Dificultades para mover carga terrestre tiene entrampada la cadena de suministro.
Christmas is three months away. Wish lists begin to transform into shopping lists and virtual shopping carts filled with products that start their journey in a container until they reach the consumer’s door. Most of those shopping carts start their adventure from China to end up at the gateway of a happy western buyer. But what if there are no containers for that cargo? That is the current dilemma faced by carriers and container owners in the United States, who are facing difficulties in returning empty boxes to China, from where they would return to American shores full of Christmas gifts.
This is revealed by the most recent publication of the monthly container logistics report of Container xChange, which highlights the effects of a port congestion that has spread beyond contingency, Managing to create a new disruptive scenario for the busiest retail season. «What’s happening in the United States is that there is already congestion, every year, because it is the peak season and everyone is looking to ensure that retailers have enough inventory in their warehouses for the year-end season. West Coast labor negotiations were one of the main causes why freight forwarders redirected their cargo to the east coast, resulting in a new area of high congestion. In addition, there are terrestrial complications with an acute shortage of truck drivers and railway delays that hinder the movement of containers in the high season,» reads the report.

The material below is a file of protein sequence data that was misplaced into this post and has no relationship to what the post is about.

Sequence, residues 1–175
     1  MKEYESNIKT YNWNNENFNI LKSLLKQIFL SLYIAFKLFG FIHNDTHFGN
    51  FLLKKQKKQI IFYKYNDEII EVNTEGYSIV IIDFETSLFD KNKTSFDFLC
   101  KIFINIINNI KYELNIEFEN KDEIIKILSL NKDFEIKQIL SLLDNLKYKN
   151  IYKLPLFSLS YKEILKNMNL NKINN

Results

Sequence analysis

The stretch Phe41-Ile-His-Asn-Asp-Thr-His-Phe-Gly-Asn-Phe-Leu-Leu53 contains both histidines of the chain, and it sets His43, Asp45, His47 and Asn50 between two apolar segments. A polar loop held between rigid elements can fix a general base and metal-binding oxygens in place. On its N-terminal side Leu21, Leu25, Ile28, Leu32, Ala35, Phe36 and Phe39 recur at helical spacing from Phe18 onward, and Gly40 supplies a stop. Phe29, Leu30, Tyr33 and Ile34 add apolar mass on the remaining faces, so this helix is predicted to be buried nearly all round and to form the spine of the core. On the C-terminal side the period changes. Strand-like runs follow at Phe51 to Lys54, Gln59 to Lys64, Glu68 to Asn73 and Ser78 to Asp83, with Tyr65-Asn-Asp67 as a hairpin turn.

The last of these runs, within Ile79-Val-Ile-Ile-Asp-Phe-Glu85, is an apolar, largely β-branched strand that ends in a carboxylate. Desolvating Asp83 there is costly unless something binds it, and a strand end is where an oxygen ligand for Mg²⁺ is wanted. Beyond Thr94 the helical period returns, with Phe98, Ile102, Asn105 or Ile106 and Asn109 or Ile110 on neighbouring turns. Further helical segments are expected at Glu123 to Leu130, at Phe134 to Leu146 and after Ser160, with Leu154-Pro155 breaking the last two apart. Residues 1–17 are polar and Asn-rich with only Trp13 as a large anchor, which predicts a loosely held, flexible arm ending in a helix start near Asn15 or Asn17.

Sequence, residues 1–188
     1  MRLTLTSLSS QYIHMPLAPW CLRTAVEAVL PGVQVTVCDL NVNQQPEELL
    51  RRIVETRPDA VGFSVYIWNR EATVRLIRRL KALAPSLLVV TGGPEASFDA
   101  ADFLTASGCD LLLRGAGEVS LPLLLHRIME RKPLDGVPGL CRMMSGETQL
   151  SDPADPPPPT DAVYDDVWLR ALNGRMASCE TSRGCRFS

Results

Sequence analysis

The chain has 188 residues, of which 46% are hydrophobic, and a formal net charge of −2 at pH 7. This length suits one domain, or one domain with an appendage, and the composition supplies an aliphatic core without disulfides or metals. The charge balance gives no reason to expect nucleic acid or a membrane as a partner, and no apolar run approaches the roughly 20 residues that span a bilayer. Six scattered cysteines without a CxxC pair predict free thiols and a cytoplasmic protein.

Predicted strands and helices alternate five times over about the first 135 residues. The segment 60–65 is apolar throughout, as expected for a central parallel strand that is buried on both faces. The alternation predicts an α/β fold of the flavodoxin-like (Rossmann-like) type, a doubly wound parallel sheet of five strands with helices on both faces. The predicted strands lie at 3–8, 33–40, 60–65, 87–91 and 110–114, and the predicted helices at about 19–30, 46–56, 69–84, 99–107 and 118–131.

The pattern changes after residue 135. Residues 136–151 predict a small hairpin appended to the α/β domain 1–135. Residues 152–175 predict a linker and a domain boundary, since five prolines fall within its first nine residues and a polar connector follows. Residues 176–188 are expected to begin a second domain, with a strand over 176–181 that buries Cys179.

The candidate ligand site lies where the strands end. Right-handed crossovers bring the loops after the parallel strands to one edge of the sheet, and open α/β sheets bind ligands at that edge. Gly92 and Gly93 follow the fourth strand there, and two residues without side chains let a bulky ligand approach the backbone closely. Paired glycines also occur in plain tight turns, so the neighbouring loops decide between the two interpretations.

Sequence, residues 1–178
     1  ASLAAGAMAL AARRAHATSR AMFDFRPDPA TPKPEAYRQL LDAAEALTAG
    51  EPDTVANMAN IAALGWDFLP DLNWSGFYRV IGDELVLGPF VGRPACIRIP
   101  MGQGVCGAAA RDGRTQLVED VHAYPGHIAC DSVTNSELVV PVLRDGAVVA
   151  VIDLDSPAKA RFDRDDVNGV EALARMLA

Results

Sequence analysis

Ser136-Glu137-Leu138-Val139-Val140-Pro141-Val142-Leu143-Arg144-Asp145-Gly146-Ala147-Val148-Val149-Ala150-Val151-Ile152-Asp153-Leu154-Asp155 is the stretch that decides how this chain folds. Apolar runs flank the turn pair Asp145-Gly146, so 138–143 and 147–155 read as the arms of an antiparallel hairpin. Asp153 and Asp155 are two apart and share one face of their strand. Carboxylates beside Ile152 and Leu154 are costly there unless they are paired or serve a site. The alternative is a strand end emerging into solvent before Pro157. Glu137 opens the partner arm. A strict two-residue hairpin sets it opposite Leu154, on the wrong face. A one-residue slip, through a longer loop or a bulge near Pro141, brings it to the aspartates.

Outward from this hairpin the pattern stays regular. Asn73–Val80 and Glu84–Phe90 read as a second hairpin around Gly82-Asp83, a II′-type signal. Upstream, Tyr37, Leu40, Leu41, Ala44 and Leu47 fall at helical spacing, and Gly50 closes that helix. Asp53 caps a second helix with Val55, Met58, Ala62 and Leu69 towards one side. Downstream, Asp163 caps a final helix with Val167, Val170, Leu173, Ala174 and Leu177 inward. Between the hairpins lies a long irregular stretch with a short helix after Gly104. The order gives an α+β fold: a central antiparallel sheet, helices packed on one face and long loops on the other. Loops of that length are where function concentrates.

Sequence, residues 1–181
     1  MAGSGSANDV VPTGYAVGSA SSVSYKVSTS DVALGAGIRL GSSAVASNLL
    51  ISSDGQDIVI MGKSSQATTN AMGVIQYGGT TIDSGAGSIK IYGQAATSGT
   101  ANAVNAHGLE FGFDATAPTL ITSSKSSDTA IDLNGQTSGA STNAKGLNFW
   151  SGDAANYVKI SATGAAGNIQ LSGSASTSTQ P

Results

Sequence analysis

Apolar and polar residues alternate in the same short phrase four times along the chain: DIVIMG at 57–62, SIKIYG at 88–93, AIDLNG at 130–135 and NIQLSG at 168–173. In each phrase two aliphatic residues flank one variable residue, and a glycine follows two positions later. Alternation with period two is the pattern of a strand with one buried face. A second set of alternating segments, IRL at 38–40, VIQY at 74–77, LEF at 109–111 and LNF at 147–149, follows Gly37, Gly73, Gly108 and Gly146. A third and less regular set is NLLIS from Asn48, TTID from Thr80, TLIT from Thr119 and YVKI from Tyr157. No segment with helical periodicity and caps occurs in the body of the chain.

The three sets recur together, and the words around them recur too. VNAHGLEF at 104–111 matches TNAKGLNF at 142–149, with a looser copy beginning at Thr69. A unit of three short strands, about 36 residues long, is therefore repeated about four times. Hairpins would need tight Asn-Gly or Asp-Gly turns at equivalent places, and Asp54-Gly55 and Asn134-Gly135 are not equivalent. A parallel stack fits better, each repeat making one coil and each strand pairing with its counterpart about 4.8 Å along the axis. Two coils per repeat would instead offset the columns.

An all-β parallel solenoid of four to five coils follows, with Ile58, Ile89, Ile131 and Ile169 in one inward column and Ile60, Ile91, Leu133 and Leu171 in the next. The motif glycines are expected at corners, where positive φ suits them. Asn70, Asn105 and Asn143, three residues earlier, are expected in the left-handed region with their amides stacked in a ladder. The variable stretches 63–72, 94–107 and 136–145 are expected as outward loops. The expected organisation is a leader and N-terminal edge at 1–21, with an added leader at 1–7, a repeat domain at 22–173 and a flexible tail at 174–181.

The pendulum has been positioned at the other end. While there was a shortage of containers a few months ago, there is now overcapacity and demand is shrinking. However, despite lower demand, the available containers are unattainable. «Empty containers are piling up in storage centers in the United States and as many trapped at sea that cannot be unloaded due to delays caused by congestion in ports,» the analysis explains.
This imbalance in the accessibility of available capacity has affected the prices of feasible containers for cargo, both on the west coast and on the east coast of the United States, seeing an increase of US$200 from July to August, Placing the container price at US$2,214 by the eighth month of the year. Certainly, a phenomenon that contradicts the global situation that has seen a sustained fall in the price of containers.
A ‘healthy’ index shows a balance between incoming and outgoing containers, i.e., 0.50. The higher the container availability rate, the more containers are entering than leaving. That is why the Container Availability Index (CAx) of the set of US ports, including Houston, Oakland, New York, Savannah, Long Beach, and Los Angeles with scores above 0,80, is clear evidence of the effect of persistent congestion that does not let out trapped capacity.
The challenge is to unlock the capacity before the start of the high season, which coincides with winter in the northern hemisphere, a time that could be further affected by port closures in China by coronavirus regrowth. It’s a tough winter without containers.